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Gravity Rush

What’s up, Gravity Shifters. It’s been a while, huh? We’re just days away from the release of Dark Souls 3 and what better way to celebrate than with a look back at a game that isn’t dark and forboding: Gravity Rush! For those of you who missed this favourite of mine, it was originally a Playstation Vita exclusive which pretty much says it all. Earlier this year, PS4 owners were treated to an HD re-release which stays true to the original while incorpating the DLC and upping the visuals to a nice 1080p at 60 FPS.

It’s a sorta-open world action-adventure title set in the mysterious city of Hekseville. Our leading lady Kat awakens in the middle of Auldnoir, the residental district, only to find it being ripped apart by a severe gravity storm. She very quickly finds herself partner to Dusty, a cute black cat that imbues Kat with gravity shifting powers. If it isn’t obvious yet, said powers serve as the main draw of the title. Your main enemies are red blob-like creatures called the Nevi which come in a variety of different forms, much like the Heartless for those of you who played Kingdom Hearts. No one is really quite sure why they’ve started attacking Hekseville as is often the case in your run of the mill amnesiac stories. Oh, did I mention Kat has amnesia? Not the most original concept but as the player, you’ll often finding yourself feeling lost alongside Kat in this odd world.

Speaking of the world, it’s definitely one of my favourite aspects. Hekseville is split into four districts which you unlock as you progress through the story. You’ve got Auldnoir, the residental area followed by Pleasune, the “pleasure quarter”, home to a red light district of sorts as well as Arquebus Academy. Endestria is perhaps the least interesting serving as the industrial area while the business district, Vendecentre, is easily the most expansive. Each area feels unique in its design and Kat is able to explore with a great deal of vertically as well. No area is off limits when you can just invert gravity to walk on the underbelly of the city.

The gameplay has a few different elements to it. The most simple part of your powers is being able to change the gravity around you. If you were to flip gravity, you’d fall upwards and vice versa. With a bit of skill mastering and practice, it begins to feel just as if Kat were flying. Combat consists of kicking and punching but in combination with your powers, you’ll be hurtling around the battlefield due to the added momentum that comes with gravity alteration.

The world is littered with precious gems, quite literally their name which tie into the games levelling systems. It’s fairly simple in that you feed gems into your stats: gravity gauge length, kick strength etc and they level up. The higher the level, the more upgrades cost. You know how this stuff works by now. You can also earn extra gems through the various side missions in the game which also increase Kat’s reputation. As she becomes idolised by folks, she’ll be able to remove limiters on her powers which stop you from just focusing on, and maxing out, a single stat right from the start of the game. If it reminds you of Crackdown so far, the director actually admitted to it being an inspiration for this title. Kinda surprising hearing that from a Japanese developer was inspired by a western game if you ask me.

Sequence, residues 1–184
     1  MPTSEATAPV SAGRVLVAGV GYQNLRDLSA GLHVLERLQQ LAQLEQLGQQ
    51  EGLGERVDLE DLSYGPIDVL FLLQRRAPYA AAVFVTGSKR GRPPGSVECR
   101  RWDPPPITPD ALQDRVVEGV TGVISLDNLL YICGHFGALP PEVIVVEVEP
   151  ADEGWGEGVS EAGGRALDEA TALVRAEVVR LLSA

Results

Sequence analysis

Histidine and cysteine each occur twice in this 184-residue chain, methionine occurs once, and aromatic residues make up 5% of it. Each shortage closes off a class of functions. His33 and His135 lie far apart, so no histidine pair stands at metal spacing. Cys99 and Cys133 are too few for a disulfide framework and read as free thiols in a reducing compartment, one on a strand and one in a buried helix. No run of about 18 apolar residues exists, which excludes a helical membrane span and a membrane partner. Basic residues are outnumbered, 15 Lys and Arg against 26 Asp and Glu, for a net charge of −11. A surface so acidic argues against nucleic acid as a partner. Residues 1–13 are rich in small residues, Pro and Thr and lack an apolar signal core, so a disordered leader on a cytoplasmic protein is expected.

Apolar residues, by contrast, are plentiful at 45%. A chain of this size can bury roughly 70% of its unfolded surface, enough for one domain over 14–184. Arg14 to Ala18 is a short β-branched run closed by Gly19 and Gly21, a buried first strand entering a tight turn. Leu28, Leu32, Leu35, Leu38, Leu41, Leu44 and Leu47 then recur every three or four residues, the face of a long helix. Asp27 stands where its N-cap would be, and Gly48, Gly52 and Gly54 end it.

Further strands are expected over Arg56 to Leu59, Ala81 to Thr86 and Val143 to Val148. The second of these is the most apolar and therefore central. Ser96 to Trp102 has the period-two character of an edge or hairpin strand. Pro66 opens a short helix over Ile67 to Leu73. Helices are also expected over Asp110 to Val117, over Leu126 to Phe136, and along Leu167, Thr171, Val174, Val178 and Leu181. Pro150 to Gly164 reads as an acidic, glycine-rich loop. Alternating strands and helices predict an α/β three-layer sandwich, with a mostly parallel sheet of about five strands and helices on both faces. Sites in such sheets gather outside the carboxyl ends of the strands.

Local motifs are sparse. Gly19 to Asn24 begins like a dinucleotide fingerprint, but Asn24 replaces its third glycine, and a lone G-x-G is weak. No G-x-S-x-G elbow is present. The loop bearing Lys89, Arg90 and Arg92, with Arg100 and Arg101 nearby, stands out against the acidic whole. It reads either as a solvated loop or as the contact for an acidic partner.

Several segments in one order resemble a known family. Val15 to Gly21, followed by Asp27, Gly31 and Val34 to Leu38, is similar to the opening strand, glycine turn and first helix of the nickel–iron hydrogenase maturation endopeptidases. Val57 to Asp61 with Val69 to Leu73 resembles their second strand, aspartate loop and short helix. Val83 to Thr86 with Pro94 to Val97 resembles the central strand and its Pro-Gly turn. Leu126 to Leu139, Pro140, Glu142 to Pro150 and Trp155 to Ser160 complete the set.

I should mention that Hekseville itself is attached a massive pillar which suspends it in place above an ocean of gravity storms. To fall off the edge is to fall off the world itself but while the city may be the world, there is more to the world than just the city. A lot of the games elements are purposely left unexplained which gives the world a vibe similar to Shadow of the Colossus or Final Fantasy Unlimited. Everything is strange but only because you’re the odd one but it puts Kat in the perfect position to question the city’s norms.

The story lasts about 10 hours and I enjoyed every minute of it. It actually faster than what I’d expect. Normally when you unlock a district in an open world game, you’re confined there until you’ve been made to explore every inch but here, you’ll only be doing 2 or 3 missions before it’s off to the next area. That isn’t to say there aren’t plenty of side missions and other hidden extras to find of course but it’s nice to not find the game stuffed with filler. The pace does change quite a bit about 2/3rd in opting for a few very long missions but they’re definitely worth it for where you end up.

Even now, 2 or 3 months after having finished the game again, I can still pretty vividly remember the faces of the characters which I find rare. I highly recommend checking this game out. Heck, last time I went to a game store in person, a dude bro asked me what was a cool PS4 game and I pointed him towards this title. I’ll leave you with one fun fact: The director Keiichiro Toyama is probably better known as the director and writer of Silent Hill and Siren: Blood Curse. Strange to think that a survival horror pioneer would make such a drastically different game but actually, this was the first game he wanted to make. Go check it out!